Peart presents both the core of the design argument and its key flaws in terms of morality. There are good scientific reasons for denying design, but there are also good humanistic reasons that Peart chooses to use—namely, the repeated observation that if the universe is organized according to a plan, the planner is either incompetent or immoral. The indictment he makes is against the claim that the universe has a moral quality that in any way is not the result of human action.
And this brings us to Peart’s other major theme, the challenge of finding meaning—or to put that a better way, of creating meaning, since the essential humanist claim is that what we make with the labor of our own hands and minds is worthy in reference to ourselves, if for no other reason. If we are to make a moral world on the basis of our good sense, we have to value the lives of ourselves and of others.
An audience favorite that shows this second line of humanism in Peart’s lyrics is the song, “Free Will,” from the 1980 Rush album, Permanent Waves. This song features an instrumental trio that is itself an expression of human potential, but the words articulate the humanist response to a universe that is either malevolent or simply doesn’t care:
You can choose a ready guide
In some celestial voice.
If you choose not to decide,
You still have made a choice.
You can choose from phantom fears
And kindness that can kill.
I will choose a path that’s clear.
I will choose free will.
The building of meaning for ourselves is based on this assertion. If we don’t decide, we’re left with whatever we are presented, thereby leaving us with no good cause to complain and really no moral quality to our lives. The risk of choice has to be accepted to gain the rewards, to create the meaning Peart explores throughout his writing.
For Peart, one key answer to the problem of creating meaning is love. In this, he echoes Matthew Arnold’s 1867 poem, “Dover Beach.” Recall that the speaker of that poem feels empty when considering the withdrawal of what he calls the “Sea of Faith” and seeks to replace the lost certainties by connection with a woman who is with him.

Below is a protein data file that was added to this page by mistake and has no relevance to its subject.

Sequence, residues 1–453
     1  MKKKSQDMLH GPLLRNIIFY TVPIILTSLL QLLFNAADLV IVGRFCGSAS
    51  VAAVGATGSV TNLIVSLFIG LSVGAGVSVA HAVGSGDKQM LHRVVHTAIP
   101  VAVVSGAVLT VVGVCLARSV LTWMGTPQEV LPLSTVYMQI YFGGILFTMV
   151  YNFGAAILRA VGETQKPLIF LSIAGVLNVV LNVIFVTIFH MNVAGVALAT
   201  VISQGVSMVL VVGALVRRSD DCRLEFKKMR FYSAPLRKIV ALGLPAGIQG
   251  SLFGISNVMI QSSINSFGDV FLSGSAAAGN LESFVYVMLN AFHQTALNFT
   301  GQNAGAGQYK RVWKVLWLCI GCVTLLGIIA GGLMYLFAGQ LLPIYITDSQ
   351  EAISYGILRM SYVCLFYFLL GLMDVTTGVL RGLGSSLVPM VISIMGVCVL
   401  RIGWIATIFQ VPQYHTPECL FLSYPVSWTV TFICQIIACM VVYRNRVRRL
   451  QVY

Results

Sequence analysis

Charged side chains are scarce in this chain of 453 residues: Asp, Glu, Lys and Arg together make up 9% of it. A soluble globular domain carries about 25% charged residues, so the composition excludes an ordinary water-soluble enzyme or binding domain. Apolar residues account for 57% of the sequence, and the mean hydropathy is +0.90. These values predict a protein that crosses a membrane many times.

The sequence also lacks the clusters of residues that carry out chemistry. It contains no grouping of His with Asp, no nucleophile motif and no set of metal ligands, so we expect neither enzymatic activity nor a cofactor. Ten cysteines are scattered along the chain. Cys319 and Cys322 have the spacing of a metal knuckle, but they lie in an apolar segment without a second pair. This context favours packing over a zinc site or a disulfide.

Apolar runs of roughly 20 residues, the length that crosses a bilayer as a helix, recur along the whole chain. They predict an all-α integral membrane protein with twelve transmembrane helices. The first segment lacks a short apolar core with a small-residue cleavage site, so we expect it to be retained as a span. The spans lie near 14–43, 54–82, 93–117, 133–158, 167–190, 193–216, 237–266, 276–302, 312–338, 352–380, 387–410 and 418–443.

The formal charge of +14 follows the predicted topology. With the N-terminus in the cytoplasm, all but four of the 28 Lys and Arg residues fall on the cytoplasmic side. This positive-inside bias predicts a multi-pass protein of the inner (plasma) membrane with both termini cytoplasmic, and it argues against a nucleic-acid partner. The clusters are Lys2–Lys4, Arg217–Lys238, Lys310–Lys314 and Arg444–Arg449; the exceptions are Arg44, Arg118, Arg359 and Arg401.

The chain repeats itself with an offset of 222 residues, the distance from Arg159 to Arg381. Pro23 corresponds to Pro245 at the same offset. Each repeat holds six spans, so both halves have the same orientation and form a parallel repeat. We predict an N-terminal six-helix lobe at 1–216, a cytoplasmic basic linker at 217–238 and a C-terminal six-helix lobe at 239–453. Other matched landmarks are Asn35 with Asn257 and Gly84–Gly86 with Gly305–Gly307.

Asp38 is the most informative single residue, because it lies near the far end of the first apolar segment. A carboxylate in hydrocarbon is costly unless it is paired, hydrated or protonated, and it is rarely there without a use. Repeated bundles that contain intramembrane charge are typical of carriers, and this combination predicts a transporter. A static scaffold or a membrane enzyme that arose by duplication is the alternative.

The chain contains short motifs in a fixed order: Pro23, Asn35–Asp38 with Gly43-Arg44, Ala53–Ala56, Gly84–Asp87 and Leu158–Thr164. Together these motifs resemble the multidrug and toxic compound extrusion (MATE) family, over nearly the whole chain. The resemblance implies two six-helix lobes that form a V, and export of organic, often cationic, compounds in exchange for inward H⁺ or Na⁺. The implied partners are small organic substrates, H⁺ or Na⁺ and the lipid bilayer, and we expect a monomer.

One example of Peart’s assertion of love is in “Ghost of a Chance,” from Roll the Bones. As discussed, the overall theme of the album is how we deal with chance, and this particular song accepts the reality that destiny is nonsense—that the concept of a “soul mate,” whether planned for us by a deity or not, has no factual basis:
I don’t believe in destiny
Or the guiding hand of fate.
I don’t believe in forever
Or love as a mystical state.
I don’t believe in the stars or the planets
Or Angels watching from above,
But I believe there’s a ghost of a chance
We can find someone to love and make it last.
This sounds a bit like the theory of evolution by natural selection. Mutations are by chance, while how those mutations succeed or fail in the environment is based on how well they’re suited for that environment. But the better analogy with love is artificial selection. Just as mutations are random, so are the encounters we have with other people, at least within the deterministic boundaries of geography. And, contrary to a lot of romantic notions, there are likely many people out there in the world with whom we could get along very well, but we only meet some of them in the course of our lives. But as Peart insists, we choose through our free will to make a relationship work—“We can find someone to love and make it last.” Destiny need not apply; it is human choice and human action that matters.